The first holiday during or after a divorce is often filled with a lot of emotions, including sadness, anger, stress, relief, and even some happiness. One contributing factor to negative holiday feelings with a divorce is finances. After a divorce, money may be tight, and this can make the holidays more difficult.
During your first holiday as a divorced person or someone going through a divorce, it can be tempting to look for distractions so you don’t have to deal with what you are feeling. For some people, this will mean buying expensive decorations or giving out very costly gifts. If, for example, you have a new partner, you may feel as if you have to impress them with gifts.
If you have a child, financial stress during the holidays can be significant. You may feel as if you have to buy more gifts than you normally would because you feel guilty about the breakup of the relationship with their other parent and want to make your child happy.
However, whatever your motivation, it’s important to keep in mind that holiday spending can make an already-shaky financial foundation even shakier. Before you spend for the holidays, use the three tips below to craft a holiday budget that will keep everything under control.
Evaluate Your Financial State
Look at your current financial state to determine just how much you can actually spend on gifts and other holiday items and events this year. Once you calculate what you could realistically spend, use this figure to draft a budget to follow. You must stick to the budget to avoid overspending and ending up in a January financial hole.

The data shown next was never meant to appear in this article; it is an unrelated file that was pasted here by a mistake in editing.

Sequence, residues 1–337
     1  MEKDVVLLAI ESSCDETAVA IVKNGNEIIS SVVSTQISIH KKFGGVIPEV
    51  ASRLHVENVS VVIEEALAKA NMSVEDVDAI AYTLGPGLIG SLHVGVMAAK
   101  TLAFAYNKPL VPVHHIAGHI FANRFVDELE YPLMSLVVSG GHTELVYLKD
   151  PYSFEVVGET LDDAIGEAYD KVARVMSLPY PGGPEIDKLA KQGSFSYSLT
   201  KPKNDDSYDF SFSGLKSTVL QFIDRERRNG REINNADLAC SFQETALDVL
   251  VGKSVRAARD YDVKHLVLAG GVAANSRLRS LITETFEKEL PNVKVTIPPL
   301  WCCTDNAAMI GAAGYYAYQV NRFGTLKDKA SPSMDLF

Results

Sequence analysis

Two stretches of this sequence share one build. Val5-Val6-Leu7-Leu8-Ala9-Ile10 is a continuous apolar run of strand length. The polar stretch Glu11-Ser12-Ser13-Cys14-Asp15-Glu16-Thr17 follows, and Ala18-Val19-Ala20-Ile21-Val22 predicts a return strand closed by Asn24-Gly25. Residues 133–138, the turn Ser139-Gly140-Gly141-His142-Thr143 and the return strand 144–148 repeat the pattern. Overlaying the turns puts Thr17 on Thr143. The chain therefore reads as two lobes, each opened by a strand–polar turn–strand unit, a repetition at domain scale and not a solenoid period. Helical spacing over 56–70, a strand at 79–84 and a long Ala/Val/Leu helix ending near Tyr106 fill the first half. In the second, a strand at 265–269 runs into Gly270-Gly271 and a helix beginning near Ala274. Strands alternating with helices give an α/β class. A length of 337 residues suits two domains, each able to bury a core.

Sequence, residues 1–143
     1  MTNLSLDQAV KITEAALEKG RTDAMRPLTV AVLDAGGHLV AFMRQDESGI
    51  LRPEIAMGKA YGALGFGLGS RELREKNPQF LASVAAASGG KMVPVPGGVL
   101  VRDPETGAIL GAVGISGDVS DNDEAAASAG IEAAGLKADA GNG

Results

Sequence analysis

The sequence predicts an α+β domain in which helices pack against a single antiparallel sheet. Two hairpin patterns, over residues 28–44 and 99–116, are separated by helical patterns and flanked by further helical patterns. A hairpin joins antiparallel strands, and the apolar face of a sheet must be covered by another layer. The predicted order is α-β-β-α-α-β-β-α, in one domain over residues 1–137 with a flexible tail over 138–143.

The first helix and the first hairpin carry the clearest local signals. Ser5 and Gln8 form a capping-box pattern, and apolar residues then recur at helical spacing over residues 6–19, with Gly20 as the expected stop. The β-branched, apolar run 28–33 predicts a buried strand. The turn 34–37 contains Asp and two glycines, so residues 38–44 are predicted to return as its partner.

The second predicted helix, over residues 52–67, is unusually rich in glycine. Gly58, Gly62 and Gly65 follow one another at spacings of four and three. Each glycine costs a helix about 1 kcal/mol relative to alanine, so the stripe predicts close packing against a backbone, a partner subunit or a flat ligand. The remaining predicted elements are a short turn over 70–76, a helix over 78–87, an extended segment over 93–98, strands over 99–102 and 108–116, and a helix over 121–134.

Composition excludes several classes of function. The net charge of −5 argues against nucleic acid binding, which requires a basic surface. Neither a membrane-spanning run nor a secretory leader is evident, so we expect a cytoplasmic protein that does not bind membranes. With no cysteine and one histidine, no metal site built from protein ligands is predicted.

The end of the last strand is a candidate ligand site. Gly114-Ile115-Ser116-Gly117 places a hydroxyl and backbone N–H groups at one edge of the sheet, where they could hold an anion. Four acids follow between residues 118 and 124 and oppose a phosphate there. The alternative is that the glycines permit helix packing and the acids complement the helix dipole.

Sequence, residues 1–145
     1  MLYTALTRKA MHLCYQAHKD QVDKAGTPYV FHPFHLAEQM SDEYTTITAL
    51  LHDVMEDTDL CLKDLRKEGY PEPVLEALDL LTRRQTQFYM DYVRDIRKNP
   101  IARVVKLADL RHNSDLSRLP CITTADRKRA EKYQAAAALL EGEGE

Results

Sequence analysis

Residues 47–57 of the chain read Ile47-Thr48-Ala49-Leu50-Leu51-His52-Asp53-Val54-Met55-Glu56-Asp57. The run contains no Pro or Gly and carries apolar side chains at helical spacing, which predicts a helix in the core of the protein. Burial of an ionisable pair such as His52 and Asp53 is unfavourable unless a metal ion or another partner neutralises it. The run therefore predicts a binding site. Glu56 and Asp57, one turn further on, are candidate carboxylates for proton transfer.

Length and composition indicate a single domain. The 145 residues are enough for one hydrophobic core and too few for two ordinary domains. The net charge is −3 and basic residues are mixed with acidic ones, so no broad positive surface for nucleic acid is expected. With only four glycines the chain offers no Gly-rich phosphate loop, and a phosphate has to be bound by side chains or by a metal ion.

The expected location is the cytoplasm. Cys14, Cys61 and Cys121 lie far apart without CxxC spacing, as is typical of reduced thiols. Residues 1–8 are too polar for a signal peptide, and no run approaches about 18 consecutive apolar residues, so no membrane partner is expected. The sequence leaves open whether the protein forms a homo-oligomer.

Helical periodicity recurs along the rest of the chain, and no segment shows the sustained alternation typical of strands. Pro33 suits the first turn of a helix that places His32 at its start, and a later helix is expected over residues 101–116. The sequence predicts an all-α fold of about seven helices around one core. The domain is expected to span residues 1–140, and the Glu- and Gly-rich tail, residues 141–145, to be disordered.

One way to do this is by creating a spreadsheet with different categories so you can easily track your spending. You can create categories for each person or even by item types, such as cards, food, decorations, or gift wrapping items. Once you have a number set for each category, stay within this limit.
Don’t Use Your Credit Cards
It’s very convenient to just use your credit card for everything but avoid this trap. It’s really easy to spend money you don’t have, and this will result in you being in a deeper level of debt after the holidays. If you can, take cash out of your bank account to make purchases so you know just what you are spending. If you are using a debit card or writing checks, immediately enter those figures into your spreadsheet so you don’t lose track of your spending.
Resist the Urge to Compete With Your Ex-Spouse
It’s normal for you to want your kids to be happy and like you in general, and it’s definitely true during the holidays after a divorce. This can lead you to want to buy the biggest and most expensive gifts for your child so you receive more attention from them and feel like the “better” parent.
Naturally, this is not a good idea. You will probably go over your budget, and you’re placing your children in a situation that fosters an unhealthy mindset in them. Put your kids first by working with your co-parent, if possible. Coordinate the gifts so you’re not each buying the same things, or chip in together to get them a special, more costly gift.
Staying within your holiday budget is crucial for creating a strong post-divorce financial foundation. Focus on the joy of the holiday itself wherever you can find it, and fight the urge to overspend on items that ultimately will not bring you happiness anyway.